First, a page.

Jan 24

Your Options If Your GCSE Mocks Aren’t What You Hoped For

GCSE mock exams are an important marker for how much progress you’ve made in your course and determine your grade predictions. While they may not be the first exam environment you’ve been in, the added pressure to do well is there – and so many don’t get the results they’d hoped for.

It can be shocking and upsetting to miss your targets – but don’t worry. The good news is that mocks are practice for the real thing, so if you’ve had some results you weren’t expecting there’s plenty of time to steer the course in a new direction.

Let’s take a look at the different ways you can work on improving your grades and confidence for your GCSE exams.

Create a study plan

If you’re lacking organisational skills ahead of your exams, putting a study plan in place can help you see how much time you spend on each subject. You might want to put the ones you struggled the most with down for more time than others.

Try planning out hourly blocks for studying with breaks in between. You could lay the schedule out a week or month in advance if you want to be extra prepared. Buying a nice planner might motivate you, too.

Review the materials

If you’d looked over your notes before the mock exams, you might be confused about your grade. One question to ask yourself is: did you really take the information in? It’s one thing to read notes, but another matter altogether to make sure the material is going in.

If you’ve taken digital notes, writing them out by hand may help improve your recall. Reviewing them regularly rather than just before an exam is a sure-fire technique to help the information stick as well.

Try a different way of learning

Nobody learns in the same way: some are auditory learners, others visual. Try some new learning styles that compliment how you like to learn. Using flashcards, writing a quiz for yourself or asking questions to a teacher or tutor are all excellent methods of learning you might not have tried before.

If you want to take it a step further, learning a subject and then presenting or teaching it to another person is a great way to see if you’ve grasped the topic at hand.

Hire a tutor

If you’re struggling in one particular subject, or just want to feel extra prepared for an exam, you may benefit from having a tutor help you learn the topic. Your tutor will work with you to set targets, achievements, and help you improve on any weaknesses.

Our specialist tutors can offer one-on-one or remote learning to suit your needs. With over 50 years of experience, we can help you get the results you’re aiming for.

Do a mental health MOT

If you had high expectations of yourself for your mock GCSEs, falling short can bring on feelings of depression and anxiety. The best thing to do is put the results behind you and focus on the future, which is in your control.

It’s vital to make sure you’re getting enough sleep, eating healthy foods and managing any other stressors in your life. Take regular breaks and develop some mental health rituals, like meditation and yoga, to stay in balance.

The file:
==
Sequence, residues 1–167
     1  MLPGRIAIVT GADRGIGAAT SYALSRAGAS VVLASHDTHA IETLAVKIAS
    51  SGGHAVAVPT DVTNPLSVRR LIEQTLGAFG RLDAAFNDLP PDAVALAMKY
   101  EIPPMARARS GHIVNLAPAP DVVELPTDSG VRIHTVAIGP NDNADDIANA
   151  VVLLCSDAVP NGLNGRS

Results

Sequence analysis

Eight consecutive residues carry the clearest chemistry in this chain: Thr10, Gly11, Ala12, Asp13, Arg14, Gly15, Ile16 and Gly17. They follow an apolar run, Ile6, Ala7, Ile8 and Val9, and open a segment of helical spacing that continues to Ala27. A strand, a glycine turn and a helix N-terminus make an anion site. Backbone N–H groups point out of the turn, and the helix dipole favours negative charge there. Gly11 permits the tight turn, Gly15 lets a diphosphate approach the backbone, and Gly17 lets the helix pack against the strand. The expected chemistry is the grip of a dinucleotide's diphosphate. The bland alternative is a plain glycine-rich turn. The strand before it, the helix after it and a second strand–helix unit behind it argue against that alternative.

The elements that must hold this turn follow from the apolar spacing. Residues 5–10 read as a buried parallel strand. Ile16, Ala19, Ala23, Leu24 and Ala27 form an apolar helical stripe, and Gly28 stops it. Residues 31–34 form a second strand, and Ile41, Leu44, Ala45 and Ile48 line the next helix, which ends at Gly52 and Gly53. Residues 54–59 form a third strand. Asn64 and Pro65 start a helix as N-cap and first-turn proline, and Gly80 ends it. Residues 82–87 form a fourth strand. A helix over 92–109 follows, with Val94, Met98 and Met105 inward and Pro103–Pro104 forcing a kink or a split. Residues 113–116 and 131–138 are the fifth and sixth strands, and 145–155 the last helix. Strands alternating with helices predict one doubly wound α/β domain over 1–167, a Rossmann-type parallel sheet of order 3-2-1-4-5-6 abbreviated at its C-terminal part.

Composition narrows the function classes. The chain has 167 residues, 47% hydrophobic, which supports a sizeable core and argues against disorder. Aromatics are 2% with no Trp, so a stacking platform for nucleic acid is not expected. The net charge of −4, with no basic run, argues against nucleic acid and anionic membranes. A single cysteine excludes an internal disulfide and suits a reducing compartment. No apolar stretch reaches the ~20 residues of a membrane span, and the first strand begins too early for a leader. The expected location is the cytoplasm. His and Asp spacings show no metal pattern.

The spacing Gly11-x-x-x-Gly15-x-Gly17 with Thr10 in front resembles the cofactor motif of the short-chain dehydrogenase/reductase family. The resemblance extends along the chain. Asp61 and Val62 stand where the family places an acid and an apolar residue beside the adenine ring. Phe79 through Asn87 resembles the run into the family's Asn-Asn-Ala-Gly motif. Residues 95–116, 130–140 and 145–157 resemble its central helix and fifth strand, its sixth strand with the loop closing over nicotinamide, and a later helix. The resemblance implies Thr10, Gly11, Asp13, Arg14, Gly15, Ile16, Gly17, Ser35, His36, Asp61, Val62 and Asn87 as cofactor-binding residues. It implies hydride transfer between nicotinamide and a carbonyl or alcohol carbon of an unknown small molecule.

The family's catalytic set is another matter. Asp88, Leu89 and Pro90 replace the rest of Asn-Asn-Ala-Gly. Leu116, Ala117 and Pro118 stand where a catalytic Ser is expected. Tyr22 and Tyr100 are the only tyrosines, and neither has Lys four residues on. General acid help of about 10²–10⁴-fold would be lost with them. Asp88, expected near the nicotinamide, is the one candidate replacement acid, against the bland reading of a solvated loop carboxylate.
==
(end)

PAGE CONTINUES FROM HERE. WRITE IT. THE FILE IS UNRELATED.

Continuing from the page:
Talk to your teachers

Your teachers are fountains of knowledge and support when it comes to GCSE exams – yes, even the scary ones! Don’t be afraid to knock on their door during lunchtime or after school and ask for their advice.

You may want to think in advance about what you’d like to discuss with them. Being open about any struggles you’re facing gives your teacher a good starting point on how best to help you.

Try some other mock exams

Past papers: the bane of any student preparing for their GCSEs, but often the most effective way of preparing for the exams. Past papers help to prepare you with time management skills, strengthen your grasp of the subject, and give you confidence when it’s time for the real thing.

To get the most out of doing past papers, try to emulate an exam-like environment at home or at school like reducing noise and distractions.

Look online

The internet has a wide array of resources available to you for GCSE exam preparation. These could include video tutorials, specialist website guides, apps, and practice questions for you to answer.

These resources are often fun and targeted at teens, so you may prefer this style of learning over a traditional classroom approach. Just make sure to stay on task – the internet is full of distractions!

Find a mentor

If you’re struggling with feelings of self-confidence and motivation after your mock GCSEs, you could try turning to an older sibling or friend for their advice. Someone a couple of years older has the experience of going through exams, but they’re far enough away from it to offer helpful guidance.

Before you ask, remember this person will be investing their time and energy in your development – so it’s worth coming prepared to each session, asking questions, and acting on their advice.

Join a study group

A group learning setting might be beneficial for your exam preparation. Talking through difficult topics with your peers is a good way of understanding a subject quickly. You could also mark one another’s work and keep one another on task to get the most out of each meeting.

Offer to take turns in leading sessions, so it’s not tempting to put in less effort. Be sure to choose your study mates wisely, as you may end up more distracted than studious during each session.

Final thoughts

Remember: not getting good grades in your mock GCSEs isn’t the end of the world. The steps outlined above are plenty of different ways to turn your fortunes around and stay positive.

Want an expert to guide you through the GCSE journey? Our GCSE tutors are fully equipped to help with every subject so you can better your future and gain confidence.